What Happens When A Non-Cyclist Spends 3½ Years Travelling The World By Bicycle

When I tell people I rode a bicycle 15,000-odd miles across Europe, Africa and the Middle East for fun, but that I’m not a cyclist, I get some funny looks.

I try to explain that it wasn’t thunderous thigh-muscles I wanted but visceral life experience, fresh out of university with a head full of theories and not a job opportunity in sight. No commitments, no prospects, and no desire to grab a backpack and bus the planet’s roads: the combination of bike and tent would allow unmatched freedom, and screw the wild-camping laws while I still rode in countries that had them. I scrimped and saved and stretched it out as far as possible. With pedal-powered transport and pop-up accommodation, my only remaining costs were calories.

I try to explain that while there were gruelling climbs in the Alps and switchback descents in Romania, swooping panoramas on Turkey’s coasts and vast orange vistas in the Sudanese Sahara, these views have faded beside the faces I’ll never forget: the Swiss newspaper editor who flung open the doors of his mountain chalet, the gypsy villagers and that forest mushroom breakfast, the Middle Eastern petrol-station attendants leaving their pumps to provide company and kebabs, the Nile-side Nubians and their unconditional desert hospitality. And let’s not forget back gardens and bacon sandwiches in Cambridgeshire, nor fresh eggs and animal sanctuary sleepovers in Suffolk. I could never have bought such memories.

I try to explain that – while I’d planned out a rather hopeful off-road route away from my Midlands home and across Europe – the route had been ditched within days in favour of going where the tailwinds took me. Following maps in the early days had earned me the confidence to travel without them. Faced with the choice of two roads, I’d take the smaller. When lost, I’d ask directions, or enjoy being lost. For bearings, I’d guess the time and look to the sun, or when raining sit in a bus stop and look at my compass. This was a brand new lifestyle, not a Sunday-morning bike ride.

I try to explain that when I met a girl in the Armenian capital of Yerevan, it was the freedom and flexibility of the open-ended bicycle journey that allowed me to stop and change tack. I had no onward plane ticket or pre-planned itinerary, no date reserved for my heroic return home; setting up shop was a matter of handing over £80 worth of banknotes each month to the landlord of my former-Soviet apartment. My girfriend and I set off riding together; another non-cyclist taking to the road to experience freedom. And her transformation was incredible to watch.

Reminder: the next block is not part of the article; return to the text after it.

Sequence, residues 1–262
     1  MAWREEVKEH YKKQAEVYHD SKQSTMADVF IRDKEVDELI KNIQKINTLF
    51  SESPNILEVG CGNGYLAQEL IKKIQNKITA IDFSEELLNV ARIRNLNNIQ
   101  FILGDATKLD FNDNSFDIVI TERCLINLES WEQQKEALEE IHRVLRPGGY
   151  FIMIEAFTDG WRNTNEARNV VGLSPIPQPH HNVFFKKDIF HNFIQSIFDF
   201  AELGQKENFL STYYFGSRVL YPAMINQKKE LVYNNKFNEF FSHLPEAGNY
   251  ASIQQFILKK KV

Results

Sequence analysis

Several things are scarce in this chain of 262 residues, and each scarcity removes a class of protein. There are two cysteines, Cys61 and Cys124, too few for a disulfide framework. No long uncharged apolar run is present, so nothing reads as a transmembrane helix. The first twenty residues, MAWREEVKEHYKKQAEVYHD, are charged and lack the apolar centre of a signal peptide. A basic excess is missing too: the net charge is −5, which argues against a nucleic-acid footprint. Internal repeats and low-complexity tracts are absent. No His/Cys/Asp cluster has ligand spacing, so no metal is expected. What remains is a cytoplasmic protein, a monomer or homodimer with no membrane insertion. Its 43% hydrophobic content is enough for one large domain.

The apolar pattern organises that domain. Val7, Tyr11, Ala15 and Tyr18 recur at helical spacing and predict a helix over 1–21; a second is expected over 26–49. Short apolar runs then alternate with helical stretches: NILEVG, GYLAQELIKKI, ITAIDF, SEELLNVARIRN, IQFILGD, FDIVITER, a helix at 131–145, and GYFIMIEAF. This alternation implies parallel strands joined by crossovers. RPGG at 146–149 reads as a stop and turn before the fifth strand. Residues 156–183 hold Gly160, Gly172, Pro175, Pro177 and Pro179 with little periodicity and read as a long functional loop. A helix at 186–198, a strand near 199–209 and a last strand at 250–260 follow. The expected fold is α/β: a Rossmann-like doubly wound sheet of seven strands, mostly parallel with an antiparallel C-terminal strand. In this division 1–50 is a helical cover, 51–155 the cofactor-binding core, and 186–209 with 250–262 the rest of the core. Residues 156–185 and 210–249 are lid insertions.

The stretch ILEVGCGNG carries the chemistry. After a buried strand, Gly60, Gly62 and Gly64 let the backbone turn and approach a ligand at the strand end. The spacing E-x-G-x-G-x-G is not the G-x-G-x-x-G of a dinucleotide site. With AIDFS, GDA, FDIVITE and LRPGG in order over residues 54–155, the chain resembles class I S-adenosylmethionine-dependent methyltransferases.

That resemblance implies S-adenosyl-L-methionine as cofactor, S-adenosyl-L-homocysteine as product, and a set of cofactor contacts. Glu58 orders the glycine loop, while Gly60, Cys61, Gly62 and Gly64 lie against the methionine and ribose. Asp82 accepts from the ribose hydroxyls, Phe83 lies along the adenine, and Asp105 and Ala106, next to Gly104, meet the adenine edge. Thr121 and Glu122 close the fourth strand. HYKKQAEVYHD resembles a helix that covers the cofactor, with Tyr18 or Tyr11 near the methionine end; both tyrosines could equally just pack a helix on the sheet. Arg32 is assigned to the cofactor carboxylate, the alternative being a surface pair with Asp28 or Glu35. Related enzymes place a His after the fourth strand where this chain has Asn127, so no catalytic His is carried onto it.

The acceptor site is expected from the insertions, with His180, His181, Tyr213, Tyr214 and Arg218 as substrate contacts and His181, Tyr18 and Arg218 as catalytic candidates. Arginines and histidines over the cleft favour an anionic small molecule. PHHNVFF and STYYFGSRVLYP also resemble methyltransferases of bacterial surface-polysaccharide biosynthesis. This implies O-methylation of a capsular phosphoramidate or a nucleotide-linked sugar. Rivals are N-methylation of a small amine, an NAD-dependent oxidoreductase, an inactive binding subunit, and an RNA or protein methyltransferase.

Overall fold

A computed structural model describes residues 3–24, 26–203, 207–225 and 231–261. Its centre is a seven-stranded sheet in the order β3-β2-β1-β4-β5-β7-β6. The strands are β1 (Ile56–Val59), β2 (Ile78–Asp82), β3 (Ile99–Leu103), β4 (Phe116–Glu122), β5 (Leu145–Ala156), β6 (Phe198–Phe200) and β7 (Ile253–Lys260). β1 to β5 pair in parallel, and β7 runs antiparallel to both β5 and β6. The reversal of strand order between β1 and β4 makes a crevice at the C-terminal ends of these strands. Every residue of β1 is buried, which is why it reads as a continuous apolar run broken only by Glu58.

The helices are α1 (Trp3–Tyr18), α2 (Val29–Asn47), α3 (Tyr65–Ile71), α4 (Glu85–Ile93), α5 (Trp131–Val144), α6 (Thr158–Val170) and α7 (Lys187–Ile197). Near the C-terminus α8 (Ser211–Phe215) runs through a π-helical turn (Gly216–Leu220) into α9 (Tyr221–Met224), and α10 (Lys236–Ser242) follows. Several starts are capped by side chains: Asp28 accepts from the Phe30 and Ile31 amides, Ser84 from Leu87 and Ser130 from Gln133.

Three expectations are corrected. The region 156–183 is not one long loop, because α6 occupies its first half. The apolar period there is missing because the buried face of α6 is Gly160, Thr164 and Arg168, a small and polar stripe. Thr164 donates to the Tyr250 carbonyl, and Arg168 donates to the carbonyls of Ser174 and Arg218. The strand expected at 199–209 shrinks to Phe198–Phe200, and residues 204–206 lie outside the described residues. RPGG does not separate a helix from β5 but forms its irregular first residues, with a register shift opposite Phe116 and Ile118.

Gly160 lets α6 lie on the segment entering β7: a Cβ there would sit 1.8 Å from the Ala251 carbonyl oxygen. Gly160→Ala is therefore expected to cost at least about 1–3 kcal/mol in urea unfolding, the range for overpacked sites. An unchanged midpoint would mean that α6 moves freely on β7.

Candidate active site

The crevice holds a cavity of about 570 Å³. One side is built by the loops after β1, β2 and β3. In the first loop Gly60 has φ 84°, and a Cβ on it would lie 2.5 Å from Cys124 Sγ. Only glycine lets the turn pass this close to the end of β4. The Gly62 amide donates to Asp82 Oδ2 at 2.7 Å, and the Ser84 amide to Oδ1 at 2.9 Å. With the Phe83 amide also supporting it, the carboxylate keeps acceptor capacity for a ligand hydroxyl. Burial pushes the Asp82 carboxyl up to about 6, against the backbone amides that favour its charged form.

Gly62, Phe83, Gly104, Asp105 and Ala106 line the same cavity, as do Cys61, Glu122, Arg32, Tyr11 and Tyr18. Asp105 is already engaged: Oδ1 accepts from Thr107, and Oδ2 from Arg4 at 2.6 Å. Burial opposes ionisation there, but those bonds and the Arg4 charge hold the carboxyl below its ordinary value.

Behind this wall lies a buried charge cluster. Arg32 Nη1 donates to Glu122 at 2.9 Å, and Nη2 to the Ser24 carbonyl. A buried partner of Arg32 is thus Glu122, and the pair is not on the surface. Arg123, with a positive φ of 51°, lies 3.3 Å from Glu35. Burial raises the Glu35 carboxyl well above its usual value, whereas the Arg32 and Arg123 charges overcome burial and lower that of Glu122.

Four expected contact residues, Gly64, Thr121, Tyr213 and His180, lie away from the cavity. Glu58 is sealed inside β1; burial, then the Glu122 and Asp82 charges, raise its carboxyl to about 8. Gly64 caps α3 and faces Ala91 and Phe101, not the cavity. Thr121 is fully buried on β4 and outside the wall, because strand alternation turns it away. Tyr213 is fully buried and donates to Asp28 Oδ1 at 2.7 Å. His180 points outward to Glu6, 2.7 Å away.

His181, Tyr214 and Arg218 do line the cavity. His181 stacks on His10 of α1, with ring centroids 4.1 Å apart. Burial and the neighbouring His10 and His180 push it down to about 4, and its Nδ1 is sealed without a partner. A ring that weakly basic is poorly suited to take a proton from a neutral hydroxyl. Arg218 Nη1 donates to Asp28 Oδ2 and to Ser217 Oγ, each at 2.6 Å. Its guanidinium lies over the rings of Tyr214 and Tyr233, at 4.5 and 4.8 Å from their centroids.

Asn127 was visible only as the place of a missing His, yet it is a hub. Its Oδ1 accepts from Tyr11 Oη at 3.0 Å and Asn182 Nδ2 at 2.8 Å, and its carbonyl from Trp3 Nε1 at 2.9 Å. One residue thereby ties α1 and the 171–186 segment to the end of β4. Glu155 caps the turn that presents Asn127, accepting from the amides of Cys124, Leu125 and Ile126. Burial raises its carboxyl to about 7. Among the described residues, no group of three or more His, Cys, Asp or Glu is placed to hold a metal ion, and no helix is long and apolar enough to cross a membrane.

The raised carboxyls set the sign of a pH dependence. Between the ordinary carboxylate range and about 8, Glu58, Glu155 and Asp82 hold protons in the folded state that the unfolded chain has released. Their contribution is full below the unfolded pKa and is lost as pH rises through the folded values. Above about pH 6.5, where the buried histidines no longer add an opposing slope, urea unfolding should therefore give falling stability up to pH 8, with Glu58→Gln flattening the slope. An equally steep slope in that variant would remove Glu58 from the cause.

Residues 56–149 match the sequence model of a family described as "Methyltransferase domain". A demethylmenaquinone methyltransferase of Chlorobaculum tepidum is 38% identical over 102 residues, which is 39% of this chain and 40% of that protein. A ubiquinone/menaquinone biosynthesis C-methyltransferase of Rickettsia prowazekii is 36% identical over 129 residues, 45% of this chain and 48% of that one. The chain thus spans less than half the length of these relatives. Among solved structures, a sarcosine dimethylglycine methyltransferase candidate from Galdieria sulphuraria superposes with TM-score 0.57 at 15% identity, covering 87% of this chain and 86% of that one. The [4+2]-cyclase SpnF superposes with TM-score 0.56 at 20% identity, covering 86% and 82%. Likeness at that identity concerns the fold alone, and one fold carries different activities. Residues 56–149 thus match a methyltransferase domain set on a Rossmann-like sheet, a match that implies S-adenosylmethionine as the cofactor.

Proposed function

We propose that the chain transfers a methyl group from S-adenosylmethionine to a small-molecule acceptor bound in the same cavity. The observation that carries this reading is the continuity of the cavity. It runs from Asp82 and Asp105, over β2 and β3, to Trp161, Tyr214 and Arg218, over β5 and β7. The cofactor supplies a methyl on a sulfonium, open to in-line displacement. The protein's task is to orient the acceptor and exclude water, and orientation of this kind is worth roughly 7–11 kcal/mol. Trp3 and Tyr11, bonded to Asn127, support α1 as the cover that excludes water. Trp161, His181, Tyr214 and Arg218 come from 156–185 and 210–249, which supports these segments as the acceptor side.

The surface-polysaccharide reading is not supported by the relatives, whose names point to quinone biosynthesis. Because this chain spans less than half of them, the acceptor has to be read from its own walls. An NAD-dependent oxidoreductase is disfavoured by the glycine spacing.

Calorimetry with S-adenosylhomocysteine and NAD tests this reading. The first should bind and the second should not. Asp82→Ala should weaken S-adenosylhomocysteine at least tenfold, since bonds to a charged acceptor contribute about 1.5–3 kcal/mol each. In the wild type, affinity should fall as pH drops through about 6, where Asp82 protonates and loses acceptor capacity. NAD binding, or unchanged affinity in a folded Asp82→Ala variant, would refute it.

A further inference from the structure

I try to explain why I had to leave her behind; explore the world alone again. It’s even more difficult than explaining why I don’t consider myself a cyclist. But crossing one continent was just the initiation. My bike had opened a door to reality, a world of faces and sounds and emotions, a world out of doors, living simply, getting on with it, rough and smooth, and I’d experience it right here and now from the seat of my bicycle in all its beauty and imperfection.

Riding to Africa, the continent that scared me most, put the stories and images of the planet we live on firmly in context. Crossing Mongolia rewrote the rules of the road completely: there weren’t any roads at all. Cycling to the Arctic Circle in midwinter proved that climate and season were pitiful barriers to adventure. And riding the Pacific Coast of America with my younger brother brought two adult siblings back together again. I learned new languages and alphabets, to write from right to left, gained a second passport, and forgot where I was from.

Now, years later, I’ve married the girl and we’re exploring new roads together. These travels by bicycle have shaped my life more than anything else, and continue to this day. I don’t regret a moment of it.

And all too often I try to explain all this to the people who ask about my journeys. But it’s difficult. No — it’s impossible.

All I really feel able to do is encourage as many people as I can to rethink cycling – not as a sporting discipline, a hobby or a fashion statement, but as a way of experiencing the world and its people that is second to none, no matter where or for how long you go.

I hope that you will consider giving it a try. Even if, like me, you’re not a cyclist.

The full story of this journey is told in the award-winning film Janapar: Love on a Bike, as well as in the book of the same name.

A version of this piece originally appeared in The Sunday Times. Header photograph by Andrew Welch.

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